The proposed development for Midtown Williamsburg is a major step forward for our locality.
The shopping center, built in the 1950s, has slowly atrophied over the past decade, and the current plan will pour more than $100 million in private investment to revitalize that portion of the city. Improvements will include new roofs, new signage, new and updated buildings, additional green space and improved streetscape.
Importantly, given the abundance of presently available retail space, it will reduce — not add — the amount of retail space from 250,000 square feet to less than 130,000 square feet. The downsizing of retail space by more than 100,000 square feet is also accompanied by the developer’s efforts to retain and prioritize local business, such as Sals, by providing them with prime locations overlooking a pedestrian plaza.
Such an investment will dramatically upgrade a portion of town that has slowly been falling into neglect, and I’m thankful for the vision of the city and the developer.
But not every plan is perfect.
Yes, the colors may be too bold, but that is an easy design change. I am more concerned about proposed housing. My issue is not with the number of units. On the contrary, the evidence suggests that such mixed-space planning (retail on the bottom, residential on the top) is critical to increasing the density necessary for vibrant spaces, as well as a necessary preparation for the projected changing demographics of the city. Supporting some students is also wise, as it will drive future student growth toward midtown instead of overly taxing residential neighborhoods.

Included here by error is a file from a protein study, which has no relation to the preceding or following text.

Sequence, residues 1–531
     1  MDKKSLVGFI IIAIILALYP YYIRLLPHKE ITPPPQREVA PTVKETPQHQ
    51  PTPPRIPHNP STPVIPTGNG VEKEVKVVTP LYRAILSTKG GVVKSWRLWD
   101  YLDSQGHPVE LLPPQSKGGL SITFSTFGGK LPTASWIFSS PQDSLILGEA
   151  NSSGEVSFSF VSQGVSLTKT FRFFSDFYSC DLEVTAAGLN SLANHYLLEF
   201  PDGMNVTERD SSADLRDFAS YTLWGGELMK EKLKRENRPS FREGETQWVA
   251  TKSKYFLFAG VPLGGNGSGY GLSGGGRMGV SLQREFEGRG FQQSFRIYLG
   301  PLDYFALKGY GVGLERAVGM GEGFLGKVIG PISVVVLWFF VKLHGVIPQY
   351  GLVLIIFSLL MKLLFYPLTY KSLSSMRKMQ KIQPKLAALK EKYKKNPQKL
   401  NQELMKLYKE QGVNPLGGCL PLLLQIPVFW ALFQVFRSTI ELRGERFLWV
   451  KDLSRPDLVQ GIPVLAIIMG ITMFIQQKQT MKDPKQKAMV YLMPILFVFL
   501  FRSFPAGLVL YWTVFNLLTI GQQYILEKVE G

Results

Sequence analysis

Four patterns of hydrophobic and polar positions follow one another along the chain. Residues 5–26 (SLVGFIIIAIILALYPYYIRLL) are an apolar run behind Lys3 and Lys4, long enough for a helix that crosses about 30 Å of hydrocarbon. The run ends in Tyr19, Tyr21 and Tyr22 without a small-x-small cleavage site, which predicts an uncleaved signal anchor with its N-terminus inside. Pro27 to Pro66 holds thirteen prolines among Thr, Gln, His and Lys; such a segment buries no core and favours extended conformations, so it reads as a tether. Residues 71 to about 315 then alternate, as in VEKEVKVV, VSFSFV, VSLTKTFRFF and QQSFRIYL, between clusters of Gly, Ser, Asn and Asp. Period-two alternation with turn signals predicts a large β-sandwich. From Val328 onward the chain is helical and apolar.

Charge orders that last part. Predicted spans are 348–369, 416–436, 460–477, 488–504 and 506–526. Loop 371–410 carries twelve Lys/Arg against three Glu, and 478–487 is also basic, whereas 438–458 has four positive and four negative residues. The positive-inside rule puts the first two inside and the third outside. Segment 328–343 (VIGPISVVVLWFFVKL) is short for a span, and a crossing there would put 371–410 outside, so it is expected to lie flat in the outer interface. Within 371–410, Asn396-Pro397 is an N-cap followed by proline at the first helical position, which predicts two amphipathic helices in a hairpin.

But with all these benefits, I would also like to see greater consideration in providing affordable housing.
In the latest National Citizen results survey, Williamsburg scores the lowest, by far, on Availability of Affordable Quality Housing, with only 36 percent of residents having a positive view of the city’s efforts.
In response, the city’s 2017/2018 Goals, Initiatives and Outcomes document states that one goal is to “explore increasing residential density and infill housing within the Downtown and Midtown areas to retain and attract workforce and professional talent.”
The current housing plan is focused just on students and young professionals, not families or workforce, and is a critical missed opportunity.
This is a chance for the city to look for ways to address workforce housing needs in partnering with the developer. I hope they take advantage of this once in a generation opportunity to not just revitalize the shopping center, but also to better support the workforce that will be needed to support its operations.
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